A holiday house is wrapped in whimsy
Then he married Alice who's also a graphic designer, by the way and she "took him from the dark side and taught him how to do Christmas."
To Alice, "Christmas isn't supposed to be theme trees and design concepts. It's always been about tradition and joy."
Now both Merklins and their boys, Chet, 7, and Quinn, 5 are on board for a Christmas that shouts family tradition and winks with waggish joy. It relishes the outdoorsy odor of cedar and the indoorsy aroma of melting candlewax. And it smiles at the oft-told stories that fly out of the box with each unpacked ornament.
And humor? It's the Merklins' off-the-wall wit that prompts them to drape a stand-up dress form in the dining room in vintage ribbon and Christmas lights and inspires them to collect droll felt creatures to hide among the cedar-cloaked arches.
"Even before we got married, we both loved Christmas," Alice says, her voice trailing off a bit a cue for Ed to finish the thought.
"We just did it a little differently," he says, obligingly.
The Merklins' house lends itself to Christmas the way their relationship lends itself to finishing each other's sentences.
The house was built in 1907, one of the first homes in a long-settled neighborhood that overlooks the Fauntleroy ferry landing. Renovating has been an ongoing pastime for the Merklins since they moved in about five years ago. Someone had stripped old wallpaper off the walls and painted the rooms white. And someone had added a white berber carpet at the front door that Ed ripped out in a fit of pique one day.
"We just got really tired of cleaning it," he says. "You can't have white carpet at the door with two boys. And we couldn't live with white-on-white color is part and parcel of what we do."
They repainted the living room a soft, mossy green and the ceiling a pale, mushroom color to offset the dark beamed ceilings and woodwork. Long and rectangular, the room was once a ballroom-dance studio the perfect space to frame a traditional Christmas. And the woodland colors form the perfect canvas for a growing collection of Christmas trimmings that mimic nature.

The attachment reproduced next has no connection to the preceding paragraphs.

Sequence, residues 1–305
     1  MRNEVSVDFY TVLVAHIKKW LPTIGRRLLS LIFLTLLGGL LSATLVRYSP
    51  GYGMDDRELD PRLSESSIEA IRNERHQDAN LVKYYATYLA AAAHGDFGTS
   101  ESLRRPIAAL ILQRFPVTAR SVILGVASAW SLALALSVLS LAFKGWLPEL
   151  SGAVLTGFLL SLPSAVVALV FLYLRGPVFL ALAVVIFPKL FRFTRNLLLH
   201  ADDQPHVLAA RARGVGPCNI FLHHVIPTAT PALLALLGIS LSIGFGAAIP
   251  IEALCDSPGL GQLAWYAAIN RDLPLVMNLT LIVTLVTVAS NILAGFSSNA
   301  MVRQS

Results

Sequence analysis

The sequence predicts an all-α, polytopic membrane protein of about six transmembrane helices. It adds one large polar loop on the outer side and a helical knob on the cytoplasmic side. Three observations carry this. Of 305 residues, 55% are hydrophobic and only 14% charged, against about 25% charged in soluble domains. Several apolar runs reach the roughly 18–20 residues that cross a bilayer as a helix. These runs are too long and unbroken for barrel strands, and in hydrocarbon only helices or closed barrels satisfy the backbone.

The first bird ornament Alice and Ed acquired to mark their Christmases together features a couple of wooden chickadees slung over a branch of the tree by burlap thread. There are also two cedar waxwings that had to be glued onto the same branch to make them a couple.
A collection of felt woodland birds perches among the cedar boughs that climb the banister toward bedrooms upstairs. "One of the things I've always loved about the holidays is bringing nature inside," says Alice. "We're both nature fanatics, so all the birds are really symbolic of us as a couple."
Each year, the Merklin boys are allowed to buy one new ornament to decorate the full-sized tree in the upstairs playroom that separates their bedrooms. When they leave home, they'll take their ornaments with them.
The dress form dominates the dining room like the headless belle of the Christmas ball. The antebellum-sized skirt attached at the waist is of cedar boughs and Christmas lights; the bodice is antique gold braid and vintage red ruffles. A corsage of jeweled eggs is tacked to the waist.
"None of this means anything," Ed says. "It's just fun, cool, shiny stuff we pick up here and there, crows that we are. We really are like crows because we're always finding old fabrics and ribbons here and there that we just have to have."
The four velvet stockings hung from the mantel could have been just another traditional decoration. But Ed will tell you they have great symbolism, to which Alice (who sewed them) shakes her head in amazement.
Elements in each of the boys' stockings texture, color, buttons and beads are repeated in varying ways in each of the parents' stockings.
"It's our family, an integral melding of the parents and the children," Ed explains, as Alice continues to shake her head.
"I'm the traditional one, and I never realized they meant all that," she says. "I just thought they were stockings."
"No, we planned them that way," Ed insists.
"Christmas has become stitched into the way we live, into the things we do," he adds. "A lot of people have things they put out here or there and it becomes Christmas. But I think we integrate it into our life more than that."
Sally Macdonald is a retired Seattle Times reporter. Tom Reese is a Times staff photographer.
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